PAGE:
Wednesday, December 20, 2006

'Tis the season for gingerbread

(My younger brother eating our completed gingerbread house - 2006 )

I love making gingerbread houses. It's so fun to make every little detail you can on the house out of candy: icicles, doorways, windows, shingles, ect. My younger brother and I made the gingerbread house in the picture really sloppy and funny, so our family could eat it straight afterwards. It was a very interesting house. ;:/

This gingerbread house was made a few years ago and it was the greatest my family had ever made. We really enjoyed making it.

Not only did we use white frosting for snow, but also powdered sugar to give it a powdery effect :) . We used upside-down ice cream cones for fir trees, and made a path of sprinkles bordered by gumdrops.

I believe it was my younger brother's idea to cover a gingerbread man with frosting to make him look like a snowman. :)

In addition, we used a fork to pull down the frosting off of the roof's edges to make icicles. A tuft of cotten was used for the chimney's smoke, and a frozen pond completed the cute little scene.

I think that out of the three catagories: making the house, looking at it, or eating it, I would have to say that making the house together as a family is the most rewarding.

Wednesday, December 13, 2006

Journey to Bethlehem

Last week, I had the pleasure of attending the "Journey to Bethlehem" in Kelos, WA. It was a wonderful reenactment and I just had to write about it. :)


The bitter cold bit my cheeks as I walked through the packed parking lot toward the entryway of the Kelso-Longview Community Seventh-day Adventist Church, anxiously awaiting my journey to Bethlehem…

Christmas trees greeted me in the foyer as I waited restlessly for my group number to be announced. Meanwhile, I talked with friends and listened to the many musicians and singers who performed various Christmas songs and hymns.

After two hours of impatient waiting, the group and I get to go on our journey:
A Jewish man pulled the black curtain aside and excitedly invited the group to embark on the “ninety mile” journey to the city of Bethlehem. He, along with his cousin Sarah, handed out small scrolls (the taxes) and explained to us that we must travel to Bethlehem to pay our taxes to Caesar. Also, if any Roman soldiers were to stop us, the group was to respond that they were of the family of David and they were from Nazareth.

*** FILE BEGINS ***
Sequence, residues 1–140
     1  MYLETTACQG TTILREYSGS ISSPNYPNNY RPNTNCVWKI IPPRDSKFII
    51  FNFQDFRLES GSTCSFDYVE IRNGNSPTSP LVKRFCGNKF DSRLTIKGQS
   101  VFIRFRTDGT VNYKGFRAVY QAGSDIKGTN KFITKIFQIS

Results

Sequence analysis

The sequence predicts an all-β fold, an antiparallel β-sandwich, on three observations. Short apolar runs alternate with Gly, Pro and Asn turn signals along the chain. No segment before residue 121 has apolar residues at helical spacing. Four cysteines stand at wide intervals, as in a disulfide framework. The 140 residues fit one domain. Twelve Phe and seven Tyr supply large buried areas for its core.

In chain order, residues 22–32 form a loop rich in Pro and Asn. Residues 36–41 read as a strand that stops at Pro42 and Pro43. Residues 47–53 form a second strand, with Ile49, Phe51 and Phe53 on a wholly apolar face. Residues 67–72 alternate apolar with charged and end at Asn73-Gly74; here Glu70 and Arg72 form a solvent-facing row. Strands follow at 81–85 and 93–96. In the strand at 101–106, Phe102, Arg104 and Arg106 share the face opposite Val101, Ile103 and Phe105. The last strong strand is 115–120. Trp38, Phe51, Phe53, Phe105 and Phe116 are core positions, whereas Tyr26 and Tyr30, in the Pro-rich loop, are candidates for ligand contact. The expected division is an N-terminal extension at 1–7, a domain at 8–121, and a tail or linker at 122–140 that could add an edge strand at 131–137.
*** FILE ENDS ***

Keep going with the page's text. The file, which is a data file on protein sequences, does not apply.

After walking down a path lit with torches, we passed a small camp of lepers, crying “unclean!” and begging for mercy. It was a very pitiful, sad, and disturbing sight.

We came across a tent and asked if we could take shelter there. After a woman passed around a small basket of crackers to the group, Gamaleel, a scribe, opened a scroll, and read to us a verse from Isaiah about awaiting the prophesied birth of the Messiah. After he explained the importance of the text, we thanked the residents for their hospitality, and continued on our journey.

We passed an old man, begging for alms, and came to the gates of Bethlehem. The Jewish man told the group that they were going to encounter the Roman soldiers soon, and that we were not to resist them.

A Roman soldier guarding the entrance was snapping his whip, demonstrating his brute force. When the Jewish man asked permission to enter the city, the soldier yelled at him saying that the city was full because of the census, and commanded us to leave. The Jewish man humbly offered him a coin, nearly begging him that they enter the city. The soldier took the coin and eyed it selfishly. He then reluctantly, but harshly shouted, “All right! But move along!”
I passed through the gates and dozens of sights, sounds, and smells met me. As I traveled through the city, I was tempted by venders and merchants, who crowded the streets, shouting – attempting to lure me to buy their products.

People, as well as animals crowded the streets. There were sheep, rams, doves, a donkey, and even a camel!

We hurried along until we come to an inn, hoping to seek shelter there. But the innkeeper laughed at us saying, “How many of you do I have to turn away?” He turned toward me and declared, “I don’t even have enough room for you in my stables!”

Disappointed, the Jewish man led us away to travel through the streets until we came along a group dancing to music. When asked why they were celebrating, a woman playing the tambourine said it was because God had been good to them and that they had a successful crop that year. We joined in the happy assembly, clapping along with the music, until a Roman soldier interrupted and demanded who we were and what our business was in Bethlehem. After explaining our situation, we were commanded to pay our tribute to Caesar.

A centurion on a horse appeared from the shadows and he commanded that the group be formed into two lines and face him so he could “keep an eye on [the] peasants.” The horse’s head was almost right next to mine and I had never been that close to a horse before. I could barely resist the urge to pet its nose. However, I knew that if I had petted it, the soldiers would have yelled at me.

After entering a large tent, hearing a speech from the tax collector, we payed our taxes, and emerged out of the city. Walking along, we came across shepherds sitting next a small campfire, when suddenly a woman dressed in white and gold appeared on the top of a large boulder and proclaimed to the shepherds that a Savior had been born and that they would find the baby in a manger. We followed the shepherds to a small cave to observe Mary and Joseph huddled over their precious baby, the Savior.

After the Jewish man and his cousin thanked the group for accompanying them on their journey and leave, we departed from the era of two thousand years ago and entered the present, where hot apple cider awaited us…

Monday, December 04, 2006 Join The Modesty Survey

"Join other Christian young men and women in’s new and exciting project: The Modesty Survey. The Modesty Survey allows any girl to submit anonymous, modesty-related questions to Christian guys and to receive (multiple) anonymous replies. It’s the discussion you’ve always wanted to have."